SAN JOSE -– There is a scene in the “Road to the Stadium Series” in which Sharks coach Todd McLellan asked Brent Burns in a team meeting if there is a better, more skilled power-play group in the NHL than the Sharks’ top unit.
“No,” Burns simply replied, and he may be right. Burns, Joe Thornton, Patrick Marleau, Logan Couture and Joe Pavelski are why the Sharks’ have had a generally productive power play this season, checking in at eighth in the NHL (20.5 percent).
The second unit, however, has given the Sharks next to nothing, especially lately. In the last 28 games, the only player not on San Jose’s top unit to score a power-play goal is Melker Karlsson on Jan. 10.
That ain’t good, and McLellan didn’t hold back when asked about that lack of production.
“The second unit will someday become our first unit, so they better get their act together and get going,” he said. “You want to play in the league and you want power play time? Get it done.
“Our power play, like anybody’s, is going to sway throughout the year. We’re still producing, but most of it is coming from the other unit. It has to balance out more. That’s a great challenge for that group.”
Depth scoring has been an issue for the Sharks all season long, and the power play numbers on the second unit reflect that.
Among players that take regular shifts, Tomas Hertl has three power play points in 94 minutes. Matt Nieto has four power play points in 57 minutes, and James Sheppard just one point in 47 minutes. On the back end, Marc-Edouard Vlasic has contributed three power play points in 80 minutes.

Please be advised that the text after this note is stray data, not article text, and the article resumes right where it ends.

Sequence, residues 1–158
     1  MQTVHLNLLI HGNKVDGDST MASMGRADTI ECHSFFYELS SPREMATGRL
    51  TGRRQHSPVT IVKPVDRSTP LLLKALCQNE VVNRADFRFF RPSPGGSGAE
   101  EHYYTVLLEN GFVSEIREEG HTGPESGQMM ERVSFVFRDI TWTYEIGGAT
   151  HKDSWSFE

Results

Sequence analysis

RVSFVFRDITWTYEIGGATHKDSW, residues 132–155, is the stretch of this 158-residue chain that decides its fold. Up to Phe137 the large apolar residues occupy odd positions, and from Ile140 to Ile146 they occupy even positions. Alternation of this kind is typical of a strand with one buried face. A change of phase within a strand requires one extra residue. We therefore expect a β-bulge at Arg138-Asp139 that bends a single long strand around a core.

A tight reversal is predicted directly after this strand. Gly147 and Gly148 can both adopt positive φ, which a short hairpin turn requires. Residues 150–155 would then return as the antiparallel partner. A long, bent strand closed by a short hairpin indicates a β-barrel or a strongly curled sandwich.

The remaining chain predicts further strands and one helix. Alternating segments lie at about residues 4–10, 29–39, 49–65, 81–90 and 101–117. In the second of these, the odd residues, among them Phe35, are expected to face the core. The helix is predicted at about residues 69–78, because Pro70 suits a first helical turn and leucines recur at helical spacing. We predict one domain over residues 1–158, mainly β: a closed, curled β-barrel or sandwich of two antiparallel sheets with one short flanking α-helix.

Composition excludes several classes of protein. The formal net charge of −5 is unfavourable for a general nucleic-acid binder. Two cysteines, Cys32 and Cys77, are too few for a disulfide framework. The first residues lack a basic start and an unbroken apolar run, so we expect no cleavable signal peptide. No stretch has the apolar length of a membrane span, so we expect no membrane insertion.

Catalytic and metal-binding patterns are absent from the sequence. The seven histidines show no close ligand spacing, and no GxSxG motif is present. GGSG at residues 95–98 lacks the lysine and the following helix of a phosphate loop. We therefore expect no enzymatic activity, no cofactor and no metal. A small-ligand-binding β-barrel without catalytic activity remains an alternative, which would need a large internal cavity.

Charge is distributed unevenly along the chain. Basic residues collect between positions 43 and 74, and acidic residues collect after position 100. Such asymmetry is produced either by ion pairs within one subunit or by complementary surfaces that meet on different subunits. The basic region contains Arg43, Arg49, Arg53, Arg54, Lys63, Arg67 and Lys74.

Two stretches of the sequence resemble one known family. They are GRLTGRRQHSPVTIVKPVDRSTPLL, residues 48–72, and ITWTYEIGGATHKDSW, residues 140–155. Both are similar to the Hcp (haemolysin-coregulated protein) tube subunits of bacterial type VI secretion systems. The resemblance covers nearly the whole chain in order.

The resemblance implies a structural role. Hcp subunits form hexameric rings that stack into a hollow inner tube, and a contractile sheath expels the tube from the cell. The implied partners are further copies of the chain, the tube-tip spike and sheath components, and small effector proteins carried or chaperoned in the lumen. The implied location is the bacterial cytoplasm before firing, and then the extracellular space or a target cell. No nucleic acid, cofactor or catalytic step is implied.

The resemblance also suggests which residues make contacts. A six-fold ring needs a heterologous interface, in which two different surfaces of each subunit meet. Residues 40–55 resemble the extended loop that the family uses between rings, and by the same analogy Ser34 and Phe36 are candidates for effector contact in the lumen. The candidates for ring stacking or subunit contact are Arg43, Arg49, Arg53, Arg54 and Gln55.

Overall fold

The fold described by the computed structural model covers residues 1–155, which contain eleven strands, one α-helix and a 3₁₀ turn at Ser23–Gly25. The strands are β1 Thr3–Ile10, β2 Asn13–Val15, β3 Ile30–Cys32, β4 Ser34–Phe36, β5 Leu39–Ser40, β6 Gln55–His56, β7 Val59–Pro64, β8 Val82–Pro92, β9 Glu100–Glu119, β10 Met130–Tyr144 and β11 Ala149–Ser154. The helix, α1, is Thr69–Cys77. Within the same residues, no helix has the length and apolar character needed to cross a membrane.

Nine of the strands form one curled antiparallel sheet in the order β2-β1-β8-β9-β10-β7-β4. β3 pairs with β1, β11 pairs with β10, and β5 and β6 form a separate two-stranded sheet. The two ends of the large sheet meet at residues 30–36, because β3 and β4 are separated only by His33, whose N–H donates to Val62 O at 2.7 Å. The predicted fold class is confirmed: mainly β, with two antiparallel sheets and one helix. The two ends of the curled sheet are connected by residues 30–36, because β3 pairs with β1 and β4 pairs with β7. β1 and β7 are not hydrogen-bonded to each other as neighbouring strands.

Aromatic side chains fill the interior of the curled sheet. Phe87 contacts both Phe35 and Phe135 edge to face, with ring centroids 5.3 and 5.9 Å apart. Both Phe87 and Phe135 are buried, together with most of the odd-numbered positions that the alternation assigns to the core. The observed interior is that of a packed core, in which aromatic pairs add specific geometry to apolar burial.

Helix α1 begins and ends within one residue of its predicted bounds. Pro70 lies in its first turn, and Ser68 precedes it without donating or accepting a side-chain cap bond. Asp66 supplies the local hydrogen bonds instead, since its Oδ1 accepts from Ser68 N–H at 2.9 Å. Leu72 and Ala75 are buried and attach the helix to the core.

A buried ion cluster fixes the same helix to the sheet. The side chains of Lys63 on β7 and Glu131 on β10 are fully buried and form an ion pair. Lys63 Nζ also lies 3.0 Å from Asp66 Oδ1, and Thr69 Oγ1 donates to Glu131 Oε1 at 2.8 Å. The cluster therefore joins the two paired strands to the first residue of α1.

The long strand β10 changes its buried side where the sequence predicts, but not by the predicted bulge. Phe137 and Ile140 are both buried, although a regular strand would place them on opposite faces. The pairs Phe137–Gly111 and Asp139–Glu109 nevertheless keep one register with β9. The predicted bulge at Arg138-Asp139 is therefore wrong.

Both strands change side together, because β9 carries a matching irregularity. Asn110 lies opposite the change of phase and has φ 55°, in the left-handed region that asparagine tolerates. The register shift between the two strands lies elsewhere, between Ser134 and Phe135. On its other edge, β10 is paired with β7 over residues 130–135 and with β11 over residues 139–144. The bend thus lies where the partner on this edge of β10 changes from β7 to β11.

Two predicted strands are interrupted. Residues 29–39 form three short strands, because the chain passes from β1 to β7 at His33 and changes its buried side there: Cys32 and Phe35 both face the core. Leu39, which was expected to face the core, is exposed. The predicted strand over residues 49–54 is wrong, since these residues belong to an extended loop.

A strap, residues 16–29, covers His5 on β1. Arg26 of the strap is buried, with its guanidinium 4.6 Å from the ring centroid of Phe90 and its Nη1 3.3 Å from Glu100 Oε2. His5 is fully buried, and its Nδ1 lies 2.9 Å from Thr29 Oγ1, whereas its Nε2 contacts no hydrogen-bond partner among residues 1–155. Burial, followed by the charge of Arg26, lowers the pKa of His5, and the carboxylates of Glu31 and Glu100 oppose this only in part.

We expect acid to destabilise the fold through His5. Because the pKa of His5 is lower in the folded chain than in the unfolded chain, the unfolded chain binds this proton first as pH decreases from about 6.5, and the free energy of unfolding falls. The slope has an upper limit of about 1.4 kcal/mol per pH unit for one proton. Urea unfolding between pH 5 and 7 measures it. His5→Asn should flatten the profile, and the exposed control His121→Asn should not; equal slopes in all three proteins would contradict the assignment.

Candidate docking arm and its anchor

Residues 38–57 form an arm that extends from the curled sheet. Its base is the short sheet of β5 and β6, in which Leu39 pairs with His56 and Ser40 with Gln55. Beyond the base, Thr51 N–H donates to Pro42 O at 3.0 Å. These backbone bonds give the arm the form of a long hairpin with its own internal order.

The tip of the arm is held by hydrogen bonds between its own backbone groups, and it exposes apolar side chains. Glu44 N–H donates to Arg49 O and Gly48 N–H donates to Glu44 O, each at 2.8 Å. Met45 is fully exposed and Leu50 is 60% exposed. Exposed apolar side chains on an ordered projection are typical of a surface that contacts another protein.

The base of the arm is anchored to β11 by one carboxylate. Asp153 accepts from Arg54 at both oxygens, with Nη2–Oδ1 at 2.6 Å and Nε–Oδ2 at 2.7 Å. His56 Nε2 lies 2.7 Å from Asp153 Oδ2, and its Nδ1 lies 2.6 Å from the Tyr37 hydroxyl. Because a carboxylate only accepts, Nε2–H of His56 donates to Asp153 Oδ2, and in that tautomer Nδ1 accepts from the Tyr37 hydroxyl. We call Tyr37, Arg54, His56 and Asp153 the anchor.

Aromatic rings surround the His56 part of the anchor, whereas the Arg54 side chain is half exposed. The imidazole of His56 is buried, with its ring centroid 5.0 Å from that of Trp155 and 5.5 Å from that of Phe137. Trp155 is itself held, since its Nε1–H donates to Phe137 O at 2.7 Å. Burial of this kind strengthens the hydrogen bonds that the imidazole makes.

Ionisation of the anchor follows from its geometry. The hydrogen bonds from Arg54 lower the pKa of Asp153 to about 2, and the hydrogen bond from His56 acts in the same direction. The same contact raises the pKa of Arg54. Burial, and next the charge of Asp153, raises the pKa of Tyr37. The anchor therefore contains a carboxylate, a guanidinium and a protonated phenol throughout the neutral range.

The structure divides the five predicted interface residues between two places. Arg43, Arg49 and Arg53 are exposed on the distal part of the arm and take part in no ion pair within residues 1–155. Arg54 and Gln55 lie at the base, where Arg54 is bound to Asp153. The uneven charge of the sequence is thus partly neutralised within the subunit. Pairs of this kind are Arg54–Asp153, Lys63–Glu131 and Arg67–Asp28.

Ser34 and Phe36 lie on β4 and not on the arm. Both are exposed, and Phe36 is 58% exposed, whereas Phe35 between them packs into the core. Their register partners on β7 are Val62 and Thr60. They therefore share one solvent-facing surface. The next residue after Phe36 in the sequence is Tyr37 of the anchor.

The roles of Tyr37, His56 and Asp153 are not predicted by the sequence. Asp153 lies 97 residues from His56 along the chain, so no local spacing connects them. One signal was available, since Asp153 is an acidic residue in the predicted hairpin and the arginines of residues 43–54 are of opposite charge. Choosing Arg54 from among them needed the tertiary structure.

In the latest version of that unit on Saturday outdoors against the Kings, it was Hertl, Vlasic, Karlsson, Tommy Wingels and Matt Irwin. San Jose went 0-for-3 on the power play in a 2-1 loss to Los Angeles.
The Sharks have had to rely on their power play to win games, sitting in just 24th in the NHL in five-on-five scoring. They are 11-16 when they don’t score a power play goal.
If that trend continues, the second unit becomes all the more vital to their playoff hopes.
“Everybody wants to be on the power play,” said Wingels, who has three power play goals, but none since Dec. 4. “We’ve been given that opportunity. Maybe we’ve earned that opportunity, but we haven’t done much with it.
“We get lots of ice time out there, so we’ve got to find a way to not suck momentum from the team but create momentum, whether it’s a goal of a good shift.”
The Sharks’ top unit features the five most skilled offensive players on the roster and an ability to generate fancy passing plays that end up on the highlight reel. The second unit, whoever it is, has to employ a more meat-and-potatoes type approach.
“We don’t make as many plays as the other unit, so just more shots and better competing,” Vlasic said. “Just shooting it from the top, coming down on pucks, retrievals, getting in [the goalie’s] eyes. We can do all those things, it just might be a little grittier than pretty.”
McLellan said: “They can move it around pretty good once they get in the offensive zone, but they’ve got to play on the inside more, play more aggressive, get body position, win loose pucks, and get it out of the crap so that they can actually get setup and run some stuff. … They can all do a better job of that.”